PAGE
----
Andrew Jackson is a documentary and editorial photographer. He has worked on commissioned and personal works, at home and abroad and his photographs are held in both national and private collections of photography. He is co-founder of Some Cities CIC, a Birmingham based participatory photography company, and in 2012 was nominated for the Prix Pictet Award.
Image credit: Vicky, Granby – Liverpool L8. From the ongoing series, “The Ghosts of Granby” made in assistance with Open Eye Gallery, Liverpool.
The eye sees and then the heart feels.
All this, of course, before our brain engages to create a composition which captures this emotion, within a photograph; so that we can share with someone, whom we may never know, what we felt at that precise moment in time when our fingers pressed slowly down onto the shutter release.
I’m a photographer; it’s all that I’ve ever wanted to be. Outside of once wanting to be a fighter pilot or the Captain of the England football team, which after recent results, is a dream I’m still slightly hanging onto.
So, yes, I’m a photographer, one who has done many things in photography. I’ve developed participatory community photography projects and I’ve taught photography at several universities. I’ve done long form documentary works, at home and abroad; undertaken photo essays and been commissioned to produce editorial portrait features for national Sunday supplements.
Along the way of my photographic journey, which the best I hope is yet still to come, I’ve seen the highs and lows of life. Photographing people at the highpoints of their lives, as well as photographing the dying and the dead; and I’ve collaborated on conceptually driven ‘fine art’ (whatever that means) works and last week, well, I even photographed a cat for the Guardian.
Yet, with that said, I’m not really sure what it means to be a photographer or at times even if I ‘feel’ like one, today at least, in this world where everyone is a photographer and where more student photographers will graduate from universities in the UK, than there are professional working photographers in the whole of Europe.
My anxiety, and professional identity crisis is on level down to the fact that I work though in an industry where there is no defined career structure. At times it feels as if I’m running up a never ending ladder that is, at the same time, falling down a large hole in the ground; leaving me always in the same fixed position, legs paddling away.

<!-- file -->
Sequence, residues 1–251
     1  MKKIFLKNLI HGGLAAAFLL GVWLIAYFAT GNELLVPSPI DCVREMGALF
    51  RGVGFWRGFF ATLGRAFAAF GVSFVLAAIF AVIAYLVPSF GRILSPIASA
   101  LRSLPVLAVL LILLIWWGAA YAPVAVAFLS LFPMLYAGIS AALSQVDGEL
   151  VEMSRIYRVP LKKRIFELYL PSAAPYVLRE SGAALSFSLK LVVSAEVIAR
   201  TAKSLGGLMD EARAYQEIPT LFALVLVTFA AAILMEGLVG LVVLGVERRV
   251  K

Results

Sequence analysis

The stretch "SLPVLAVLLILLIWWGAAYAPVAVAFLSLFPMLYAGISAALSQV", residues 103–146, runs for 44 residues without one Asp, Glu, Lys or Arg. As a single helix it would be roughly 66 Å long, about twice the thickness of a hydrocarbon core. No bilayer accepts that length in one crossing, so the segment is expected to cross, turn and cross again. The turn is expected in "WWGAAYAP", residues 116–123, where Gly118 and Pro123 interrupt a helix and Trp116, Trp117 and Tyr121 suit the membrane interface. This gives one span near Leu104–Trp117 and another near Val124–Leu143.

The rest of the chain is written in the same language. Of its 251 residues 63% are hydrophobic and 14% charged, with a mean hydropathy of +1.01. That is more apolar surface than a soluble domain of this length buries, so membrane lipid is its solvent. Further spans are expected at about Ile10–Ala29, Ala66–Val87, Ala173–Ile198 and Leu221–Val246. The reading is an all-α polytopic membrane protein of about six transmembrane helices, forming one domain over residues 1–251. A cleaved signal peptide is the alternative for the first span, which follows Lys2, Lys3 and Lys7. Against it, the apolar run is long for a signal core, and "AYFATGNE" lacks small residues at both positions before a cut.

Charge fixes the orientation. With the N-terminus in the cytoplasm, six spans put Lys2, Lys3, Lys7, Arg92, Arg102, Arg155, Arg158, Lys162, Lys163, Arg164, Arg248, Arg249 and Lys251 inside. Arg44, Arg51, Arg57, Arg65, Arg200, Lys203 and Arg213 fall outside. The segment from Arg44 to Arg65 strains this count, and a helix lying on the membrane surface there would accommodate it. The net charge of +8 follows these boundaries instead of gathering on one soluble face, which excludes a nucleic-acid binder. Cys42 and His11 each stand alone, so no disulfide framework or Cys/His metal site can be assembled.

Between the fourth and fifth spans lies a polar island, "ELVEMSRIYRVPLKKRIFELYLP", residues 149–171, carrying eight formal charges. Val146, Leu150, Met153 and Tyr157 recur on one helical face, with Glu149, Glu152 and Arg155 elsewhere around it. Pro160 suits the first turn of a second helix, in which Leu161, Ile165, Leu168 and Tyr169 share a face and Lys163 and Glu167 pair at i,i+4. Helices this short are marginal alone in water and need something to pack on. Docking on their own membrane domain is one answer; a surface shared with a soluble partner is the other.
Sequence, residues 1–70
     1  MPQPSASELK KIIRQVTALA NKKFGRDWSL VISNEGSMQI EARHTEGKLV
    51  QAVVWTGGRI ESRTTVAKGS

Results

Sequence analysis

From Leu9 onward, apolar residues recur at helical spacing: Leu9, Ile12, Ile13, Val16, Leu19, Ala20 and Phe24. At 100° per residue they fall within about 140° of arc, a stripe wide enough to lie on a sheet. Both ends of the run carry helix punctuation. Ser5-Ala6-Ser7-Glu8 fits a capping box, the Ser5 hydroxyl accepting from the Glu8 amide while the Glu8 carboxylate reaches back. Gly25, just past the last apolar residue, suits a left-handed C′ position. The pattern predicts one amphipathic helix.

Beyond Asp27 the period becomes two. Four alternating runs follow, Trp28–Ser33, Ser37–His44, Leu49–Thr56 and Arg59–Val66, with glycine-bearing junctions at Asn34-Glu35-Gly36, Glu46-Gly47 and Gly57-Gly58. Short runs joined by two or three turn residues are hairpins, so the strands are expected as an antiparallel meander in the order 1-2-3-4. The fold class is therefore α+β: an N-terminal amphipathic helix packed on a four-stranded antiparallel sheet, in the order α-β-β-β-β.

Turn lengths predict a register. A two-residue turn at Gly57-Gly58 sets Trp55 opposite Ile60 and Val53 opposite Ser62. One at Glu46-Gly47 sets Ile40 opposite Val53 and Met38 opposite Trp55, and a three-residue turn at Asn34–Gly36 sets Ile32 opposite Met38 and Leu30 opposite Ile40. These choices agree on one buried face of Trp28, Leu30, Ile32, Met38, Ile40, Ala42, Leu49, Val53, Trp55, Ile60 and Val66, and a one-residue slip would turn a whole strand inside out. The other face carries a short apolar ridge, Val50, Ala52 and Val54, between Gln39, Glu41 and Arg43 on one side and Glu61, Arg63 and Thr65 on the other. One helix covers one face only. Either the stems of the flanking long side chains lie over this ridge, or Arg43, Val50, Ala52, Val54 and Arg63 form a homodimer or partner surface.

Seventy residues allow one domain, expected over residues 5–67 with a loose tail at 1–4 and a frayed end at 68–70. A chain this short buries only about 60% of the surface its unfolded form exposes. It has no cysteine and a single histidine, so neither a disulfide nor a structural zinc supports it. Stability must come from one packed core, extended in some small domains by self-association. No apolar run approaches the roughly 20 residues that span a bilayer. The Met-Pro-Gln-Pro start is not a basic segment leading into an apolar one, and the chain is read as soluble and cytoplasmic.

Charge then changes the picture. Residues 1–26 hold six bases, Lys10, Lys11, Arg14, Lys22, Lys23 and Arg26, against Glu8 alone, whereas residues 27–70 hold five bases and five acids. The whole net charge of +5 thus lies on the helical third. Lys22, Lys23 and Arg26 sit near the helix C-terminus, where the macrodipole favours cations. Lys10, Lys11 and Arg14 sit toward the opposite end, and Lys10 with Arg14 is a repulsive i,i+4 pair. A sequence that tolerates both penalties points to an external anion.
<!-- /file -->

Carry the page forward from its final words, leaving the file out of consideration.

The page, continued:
But my identity crisis as a photography is, frankly, also down to the fact that I really see anyone who looks like me in it. A matter, which Holly Stuart Hughes found, in her interviews with Photographers of Colour.
I know that my existential crisis is not mine alone though. As the question of why do I do this, who is for and why do I make these sacrifices for photography in the face of shrinking economic gain and growing financial insecurity is experienced by so many others within the photographic industry – where is seems that everyone is making money – except the photographer.
So, here’s to the gatekeepers – the visual programmers, curators, picture editors, portfolio reviewers, academics, blog writers, competition runners – all of those who talk a lot about photography but never actually make anything – but who are making a living out of it, and at the same time, dictating what gets seen and what doesn’t.
OK let’s quickly move on from me urinating on my career there; besides, I’m just being facetious!
That said we only have to look at the money made by certain universities, which run increasingly questionable photography courses, to know that someone is making money out of photography, and in the main, it isn’t the photographer. In this light, for so many students, the one or two photographs and obligatory self published book, that they can squeeze into the cramped spaces of their degree shows, will be the pinnacle of their photographic careers.
No doubt some people are booing and hissing right now, hurling abuse at this demoralizing text. But, let’s be honest, whilst some will find their path into other areas of the arts for many students this will be the crowning moment of their photographic careers before their work gets shoved under their beds.
Yet, they will have paid three years of their lives and tens of thousands of pounds for this moment. A moment which will consist of the presentation of a decontextualized photograph, or two, on a wall that bored partners and parents of their fellow class mates dutifully drudge by – on the way to find the free booze of the degree show.
So, yes, for some, the journey ends here. For others, though, they will plod on wandering the photographic trail, through the wilderness, looking for a strange mythical Promised Land called a “photographic career”. Whilst, on the way, bumping into snake oil sellers, on the way, peddling their portfolio reviews and photo competitions. It has always been this way, as the odds between who will ‘make it’ and who will expire upon this trail, have always been set in favour of the economically able.
The proclaimed status of photography, being the mythical democratic medium, has always been just that of course – a myth. As photography has never been an inclusive medium – where it matters most at the top at least – either in terms of ‘race’, gender or class. Photography, like all art forms, is an elitist pursuit designed to keep the many out – regardless of how many people will tell you that everyone is a photographer now. Photography is medium where the adage of ‘pale and male’ still persists to describe those higher up the photographic food chain, where the real decisions are made and real power resides. But don’t take my word for it. Have a look at what M Scott Bauer discusses here in Skin colour and the photography industry.